Maria and Stanisław Grocholski.
(photo credit: YAD VASHEM)
Stanislaw Grocholoski’s Christian duty to save 15 Jews during the Second World War was an extremely dangerous and secretive mission.
He didn’t reveal the secret to his neighbors, his friends and even to his children, fearing that once it would be found out that he was helping the Jewish people, not only would the Nazis be running after him, but his fellow Poles would also take the opportunity to retaliate.
With the courage and faith that he showed, Grocholski earned himself a miracle or two, as the Engelberg family seemed destined to be revealed, as was the case during the cold Polish winter.
“When virgin white snowdrifts piled up on all the other roofs of the houses in their tiny village, Przeworsk, the roof of the Grocholski’s house remained naked and exposed,” Sheryl Silver Ochayon, whose parents were saved by Grocholski, wrote after hearing the story of her family’s savior. “The body heat of the 15 Jews – the contraband in the attic – melted all the snow. Had anyone looked up and understood, the Grocholskis would have been slaughtered.”
Grocholski’s duty began in the summer of 1942, after the Nazis ordered the Jews of Urzejowice in southeastern Poland to report to the local train station for “resettlement.”
Taking the advice of an officer who had been billeted to the Engelberg family’s house during the Nazi occupation, and who is remembered for being on good terms with the Jewish family and even playing chess with the father, the Engelbergs decided to ignore the Nazi decree.
Immediately, the family went into hiding, running from field to field, seeking someone to help them. But with no one opening up their homes, they were forced to hide under haystacks, nourishing themselves on whatever they could find in nearby farms and orchards. Grocholski, a poor, Catholic farmer who lived in the area, heard the rumor that the family was on the run. He marched around the fields day and night looking for them.
“You are in trouble, and I have come to help you,” Sally Frishberg remembers Grocholski saying when he found them. Grocholski had remembered the Engelbergs well, playing with the Jewish children in his youth.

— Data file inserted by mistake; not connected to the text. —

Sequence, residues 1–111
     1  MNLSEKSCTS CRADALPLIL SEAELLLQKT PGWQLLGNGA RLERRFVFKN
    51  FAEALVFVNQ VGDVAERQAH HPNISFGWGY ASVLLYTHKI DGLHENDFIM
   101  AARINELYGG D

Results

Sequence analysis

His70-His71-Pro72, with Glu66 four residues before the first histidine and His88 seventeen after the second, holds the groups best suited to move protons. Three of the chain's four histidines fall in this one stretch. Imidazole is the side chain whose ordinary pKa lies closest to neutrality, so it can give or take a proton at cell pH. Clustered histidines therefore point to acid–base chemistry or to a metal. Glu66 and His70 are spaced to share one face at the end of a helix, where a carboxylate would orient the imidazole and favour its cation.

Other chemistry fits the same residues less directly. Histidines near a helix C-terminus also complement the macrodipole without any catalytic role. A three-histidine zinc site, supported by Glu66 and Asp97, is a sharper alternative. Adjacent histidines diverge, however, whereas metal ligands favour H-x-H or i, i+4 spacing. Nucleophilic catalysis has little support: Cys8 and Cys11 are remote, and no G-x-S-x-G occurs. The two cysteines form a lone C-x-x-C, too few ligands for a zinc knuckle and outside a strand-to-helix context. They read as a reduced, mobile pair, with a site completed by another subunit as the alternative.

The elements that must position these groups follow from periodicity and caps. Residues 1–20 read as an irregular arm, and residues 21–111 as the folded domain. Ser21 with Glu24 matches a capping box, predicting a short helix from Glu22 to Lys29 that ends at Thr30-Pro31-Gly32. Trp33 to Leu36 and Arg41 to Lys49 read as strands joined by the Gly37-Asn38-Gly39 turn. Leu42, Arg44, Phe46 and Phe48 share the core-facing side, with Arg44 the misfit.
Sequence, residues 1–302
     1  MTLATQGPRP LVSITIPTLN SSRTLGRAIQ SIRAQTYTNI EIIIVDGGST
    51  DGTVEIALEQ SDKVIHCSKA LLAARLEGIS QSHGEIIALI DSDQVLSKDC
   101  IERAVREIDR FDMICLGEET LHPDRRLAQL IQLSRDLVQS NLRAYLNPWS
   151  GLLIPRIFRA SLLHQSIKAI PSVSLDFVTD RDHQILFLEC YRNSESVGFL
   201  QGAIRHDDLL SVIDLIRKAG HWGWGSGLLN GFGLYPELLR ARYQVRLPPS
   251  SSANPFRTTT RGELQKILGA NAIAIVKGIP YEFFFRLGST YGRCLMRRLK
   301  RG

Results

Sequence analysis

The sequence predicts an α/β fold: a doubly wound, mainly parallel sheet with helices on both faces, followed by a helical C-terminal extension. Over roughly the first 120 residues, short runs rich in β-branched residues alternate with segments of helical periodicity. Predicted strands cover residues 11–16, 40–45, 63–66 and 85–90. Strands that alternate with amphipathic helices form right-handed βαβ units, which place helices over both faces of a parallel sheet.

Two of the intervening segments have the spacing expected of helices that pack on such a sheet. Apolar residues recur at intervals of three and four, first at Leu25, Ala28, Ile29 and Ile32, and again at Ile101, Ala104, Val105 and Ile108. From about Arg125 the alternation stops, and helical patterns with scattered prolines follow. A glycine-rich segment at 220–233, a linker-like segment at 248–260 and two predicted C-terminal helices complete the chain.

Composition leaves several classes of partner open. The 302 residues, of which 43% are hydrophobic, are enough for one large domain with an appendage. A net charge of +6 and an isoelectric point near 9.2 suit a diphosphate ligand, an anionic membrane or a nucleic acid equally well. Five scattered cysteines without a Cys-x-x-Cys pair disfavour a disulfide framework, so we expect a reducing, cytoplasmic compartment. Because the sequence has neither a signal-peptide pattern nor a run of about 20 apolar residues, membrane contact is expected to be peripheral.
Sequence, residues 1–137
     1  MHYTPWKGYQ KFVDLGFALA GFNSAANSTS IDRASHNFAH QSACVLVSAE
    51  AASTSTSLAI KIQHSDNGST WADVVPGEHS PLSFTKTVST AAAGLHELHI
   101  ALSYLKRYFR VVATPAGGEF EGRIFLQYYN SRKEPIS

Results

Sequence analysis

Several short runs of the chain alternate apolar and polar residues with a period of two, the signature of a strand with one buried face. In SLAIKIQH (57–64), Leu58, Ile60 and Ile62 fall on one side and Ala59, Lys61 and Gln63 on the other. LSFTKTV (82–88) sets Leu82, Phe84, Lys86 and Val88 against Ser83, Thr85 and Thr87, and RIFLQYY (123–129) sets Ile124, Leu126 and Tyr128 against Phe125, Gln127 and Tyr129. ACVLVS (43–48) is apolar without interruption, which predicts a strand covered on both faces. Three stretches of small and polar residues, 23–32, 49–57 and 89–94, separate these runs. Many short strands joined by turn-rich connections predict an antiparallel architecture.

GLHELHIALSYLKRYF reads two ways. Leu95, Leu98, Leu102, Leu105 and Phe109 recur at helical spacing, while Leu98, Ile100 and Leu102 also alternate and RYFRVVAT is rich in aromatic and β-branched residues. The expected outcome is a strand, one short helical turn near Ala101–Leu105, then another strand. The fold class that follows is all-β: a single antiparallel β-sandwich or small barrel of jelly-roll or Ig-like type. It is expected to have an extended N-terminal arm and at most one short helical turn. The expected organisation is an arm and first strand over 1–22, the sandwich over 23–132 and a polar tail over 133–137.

He took it upon himself to visit them in their hiding spot in the field on a regular basis, updating them on the Nazis’ movements and bringing them whatever nourishment he could find in war-stricken Poland.
But Grocholski was asked to do more – to take them inside his home. With an amazing amount of courage and faith in God, he and his wife, Maria, acquiesced to the call, bringing them soup and potatoes and taking care of what would turn out to be 15 souls in his attic.
Conditions were nonetheless tough in the attic.
“My grandmother watched her children fading away,” Ochayon recalls. “Her smallest child, my mother’s baby sister, was slowly dying of hunger, and her crying endangered everyone else. Ultimately, the baby was swaddled in a blanket, carried down out of the attic in the middle of the night, and left on the steps of the local church in the hope that she might be saved – a hope that was not realized.”
When the Russians liberated Poland in 1944, only 12 of the original 15 had survived.
Grocholski felt he was just doing his religious duty. "You must never tell a soul that I am the man who saved you," he told them on the day of the liberation, according to Frishberg.
After they returned to their hometown they found out that they were the only ones who survived. “Imagine if more of them had his courage,” she said.
It was only 40 years later, after his death, that Grocholski's heroism finally began to unravel.
Yad Vashem recognized Stanisław Grocholski as Righteous Among the Nations, and on January 17, 2012, his family attended a ceremony in the Polish town of Rzeszow where the Grocholski family received the honor on his behalf. To learn more about Jewish-Christian relations, check us out at @christian_jpost, on Facebook.com/jpostchristianworld/ and see the best of the Holy Land in The Jerusalem Post - Christian Edition monthly magazine.sign up to our newsletter